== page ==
Medical Student Advances Research on Pituitary Adenomas at EuRREB

Leiden, Netherlands – Elise Roeleveld, a medical student at Leiden University Medical Centre (LUMC), has recently completed a notable research internship at the European Registries for Rare Endocrine and Bone Conditions (EuRREB). Her work focused on pituitary adenomas, a rare type of endocrine tumor.

During the initial phase of her internship, Elise meticulously entered patient data into the pituitary module at two prominent Dutch centers: LUMC and Amsterdam University Medical Centre (AMC). In collaboration with Loren van der Hoeven, a PhD candidate at AMC, she developed a comprehensive manual for the pituitary module. This manual, designed to streamline data entry and analysis, includes critical definitions and key time points.

“It was very rewarding and educational to contribute to improving the pituitary module,” Elise remarked about her experience.

The latter part of her internship involved rigorous data analysis. Utilizing e-REC, Elise investigated the incidence of pituitary adenomas at Dutch expert centers. Additionally, she examined diagnostic delays, surgical timelines, and predictors for recurrence in patients with Cushing’s disease and non-functioning adenomas using the Core Registry.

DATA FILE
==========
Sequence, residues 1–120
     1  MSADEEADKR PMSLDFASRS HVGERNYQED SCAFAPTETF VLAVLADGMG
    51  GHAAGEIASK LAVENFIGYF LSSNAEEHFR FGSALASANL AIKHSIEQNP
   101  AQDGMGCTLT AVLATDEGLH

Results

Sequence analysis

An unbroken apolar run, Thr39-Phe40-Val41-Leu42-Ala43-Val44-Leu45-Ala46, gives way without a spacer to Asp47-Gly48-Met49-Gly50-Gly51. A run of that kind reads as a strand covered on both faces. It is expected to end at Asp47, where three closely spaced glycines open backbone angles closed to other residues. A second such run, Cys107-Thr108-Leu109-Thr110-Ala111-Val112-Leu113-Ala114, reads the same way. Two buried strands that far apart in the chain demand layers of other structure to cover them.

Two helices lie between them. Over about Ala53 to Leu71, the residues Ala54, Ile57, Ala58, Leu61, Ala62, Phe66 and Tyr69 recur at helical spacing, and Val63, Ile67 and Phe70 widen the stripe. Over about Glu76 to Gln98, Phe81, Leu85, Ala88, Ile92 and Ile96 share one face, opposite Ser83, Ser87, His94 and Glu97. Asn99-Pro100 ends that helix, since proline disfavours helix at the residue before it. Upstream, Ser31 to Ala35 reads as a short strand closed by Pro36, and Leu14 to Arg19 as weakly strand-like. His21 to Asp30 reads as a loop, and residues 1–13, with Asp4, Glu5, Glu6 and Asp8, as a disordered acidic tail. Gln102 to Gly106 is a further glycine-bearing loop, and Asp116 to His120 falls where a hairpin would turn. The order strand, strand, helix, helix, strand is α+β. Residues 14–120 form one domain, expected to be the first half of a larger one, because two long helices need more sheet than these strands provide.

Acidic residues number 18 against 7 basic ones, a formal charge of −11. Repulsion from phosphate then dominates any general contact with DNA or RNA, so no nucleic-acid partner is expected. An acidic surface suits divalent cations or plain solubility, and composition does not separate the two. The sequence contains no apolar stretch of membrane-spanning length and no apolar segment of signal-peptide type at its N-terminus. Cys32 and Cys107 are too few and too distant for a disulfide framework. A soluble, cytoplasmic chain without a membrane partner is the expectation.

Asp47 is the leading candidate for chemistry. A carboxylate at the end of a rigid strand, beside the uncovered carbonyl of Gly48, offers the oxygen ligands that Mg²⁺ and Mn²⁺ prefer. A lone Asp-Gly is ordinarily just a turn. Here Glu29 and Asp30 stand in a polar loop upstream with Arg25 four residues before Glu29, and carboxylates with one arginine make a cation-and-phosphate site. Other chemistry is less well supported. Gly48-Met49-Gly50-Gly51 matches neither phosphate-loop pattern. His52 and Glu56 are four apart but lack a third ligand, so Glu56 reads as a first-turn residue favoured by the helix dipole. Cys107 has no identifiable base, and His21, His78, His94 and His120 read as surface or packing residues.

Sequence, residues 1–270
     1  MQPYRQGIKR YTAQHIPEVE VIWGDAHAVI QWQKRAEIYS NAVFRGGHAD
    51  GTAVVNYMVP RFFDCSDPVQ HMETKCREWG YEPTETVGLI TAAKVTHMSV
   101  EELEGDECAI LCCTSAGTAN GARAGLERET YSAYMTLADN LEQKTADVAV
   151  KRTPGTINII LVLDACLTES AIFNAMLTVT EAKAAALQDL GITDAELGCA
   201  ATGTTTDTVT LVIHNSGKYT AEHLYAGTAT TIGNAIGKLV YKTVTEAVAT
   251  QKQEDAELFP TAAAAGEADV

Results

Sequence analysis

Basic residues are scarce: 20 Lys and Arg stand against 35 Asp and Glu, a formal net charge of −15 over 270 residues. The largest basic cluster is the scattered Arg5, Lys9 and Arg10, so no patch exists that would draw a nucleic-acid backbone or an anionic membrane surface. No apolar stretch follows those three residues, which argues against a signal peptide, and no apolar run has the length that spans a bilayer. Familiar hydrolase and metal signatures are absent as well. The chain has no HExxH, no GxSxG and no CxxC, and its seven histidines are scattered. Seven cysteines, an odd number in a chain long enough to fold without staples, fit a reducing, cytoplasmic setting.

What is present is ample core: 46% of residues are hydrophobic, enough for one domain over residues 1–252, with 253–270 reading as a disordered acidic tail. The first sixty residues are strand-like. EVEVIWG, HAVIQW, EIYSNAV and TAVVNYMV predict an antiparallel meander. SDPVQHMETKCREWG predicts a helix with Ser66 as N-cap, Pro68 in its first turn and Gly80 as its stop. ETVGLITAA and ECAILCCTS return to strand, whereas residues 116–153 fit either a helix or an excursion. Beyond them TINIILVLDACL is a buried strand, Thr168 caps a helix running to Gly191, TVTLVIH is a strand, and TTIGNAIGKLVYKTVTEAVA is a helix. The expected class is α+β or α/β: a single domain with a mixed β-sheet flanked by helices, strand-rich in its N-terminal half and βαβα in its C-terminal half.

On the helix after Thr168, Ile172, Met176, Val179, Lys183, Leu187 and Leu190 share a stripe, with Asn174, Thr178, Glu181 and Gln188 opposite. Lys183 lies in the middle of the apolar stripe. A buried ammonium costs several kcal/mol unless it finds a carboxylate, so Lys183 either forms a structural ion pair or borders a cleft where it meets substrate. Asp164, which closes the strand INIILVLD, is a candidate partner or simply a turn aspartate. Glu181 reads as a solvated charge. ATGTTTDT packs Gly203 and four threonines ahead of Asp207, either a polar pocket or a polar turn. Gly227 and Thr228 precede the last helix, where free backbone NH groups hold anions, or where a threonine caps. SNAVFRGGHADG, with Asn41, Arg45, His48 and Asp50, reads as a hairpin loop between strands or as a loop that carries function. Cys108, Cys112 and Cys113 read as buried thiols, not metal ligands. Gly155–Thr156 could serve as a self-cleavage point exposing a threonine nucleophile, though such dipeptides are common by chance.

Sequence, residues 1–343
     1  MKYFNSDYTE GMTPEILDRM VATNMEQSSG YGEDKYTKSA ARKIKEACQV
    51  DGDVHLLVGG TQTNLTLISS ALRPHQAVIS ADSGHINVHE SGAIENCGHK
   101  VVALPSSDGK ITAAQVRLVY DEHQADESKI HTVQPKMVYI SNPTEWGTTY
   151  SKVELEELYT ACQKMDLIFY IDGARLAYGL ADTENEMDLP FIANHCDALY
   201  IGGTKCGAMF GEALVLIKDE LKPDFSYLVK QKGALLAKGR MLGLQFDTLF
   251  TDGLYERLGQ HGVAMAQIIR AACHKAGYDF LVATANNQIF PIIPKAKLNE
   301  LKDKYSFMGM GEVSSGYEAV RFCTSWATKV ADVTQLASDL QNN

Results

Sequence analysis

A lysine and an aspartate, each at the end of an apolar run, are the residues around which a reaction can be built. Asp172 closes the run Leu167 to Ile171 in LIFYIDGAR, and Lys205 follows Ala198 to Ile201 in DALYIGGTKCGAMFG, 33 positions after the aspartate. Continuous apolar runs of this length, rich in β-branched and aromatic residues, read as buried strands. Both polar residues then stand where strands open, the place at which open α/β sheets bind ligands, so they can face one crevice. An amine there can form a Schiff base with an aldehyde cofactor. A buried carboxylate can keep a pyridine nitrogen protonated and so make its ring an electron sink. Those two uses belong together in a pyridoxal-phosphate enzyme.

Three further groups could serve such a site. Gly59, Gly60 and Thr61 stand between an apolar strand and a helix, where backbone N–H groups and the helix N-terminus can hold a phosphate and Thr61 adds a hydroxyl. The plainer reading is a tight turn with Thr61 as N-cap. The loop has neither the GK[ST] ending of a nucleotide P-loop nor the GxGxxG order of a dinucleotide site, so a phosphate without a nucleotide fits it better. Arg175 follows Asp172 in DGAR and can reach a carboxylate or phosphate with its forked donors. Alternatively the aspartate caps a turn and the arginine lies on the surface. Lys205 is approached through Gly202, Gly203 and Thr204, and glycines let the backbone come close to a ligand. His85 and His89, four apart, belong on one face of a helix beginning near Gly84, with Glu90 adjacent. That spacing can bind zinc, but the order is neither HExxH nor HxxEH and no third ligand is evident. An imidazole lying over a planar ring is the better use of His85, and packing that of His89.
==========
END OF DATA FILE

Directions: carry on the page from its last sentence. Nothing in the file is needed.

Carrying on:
A significant milestone during her internship was the launch of the venous thromboembolism (VTE) tabule in January. This new feature aims to monitor VTE complications in pituitary adenoma patients. Elise initiated data entry for the VTE tabule and calculated the incidence of these complications.

Capping off her internship, Elise had the opportunity to represent EuRREB at the European Congress of Endocrinology (ECE) in Stockholm. “Attending the congress and representing the registries and Endo-ERN was a fantastic experience,” she shared.

Reflecting on her internship, Elise expressed gratitude for the invaluable insights she gained into scientific research and the critical role of standardized data collection in managing rare diseases. “I had a great time at the endocrinology department of LUMC and with the registries team,” she concluded.

Elise’s contributions underscore the importance of dedicated research and collaboration in advancing the understanding and treatment of rare endocrine conditions.

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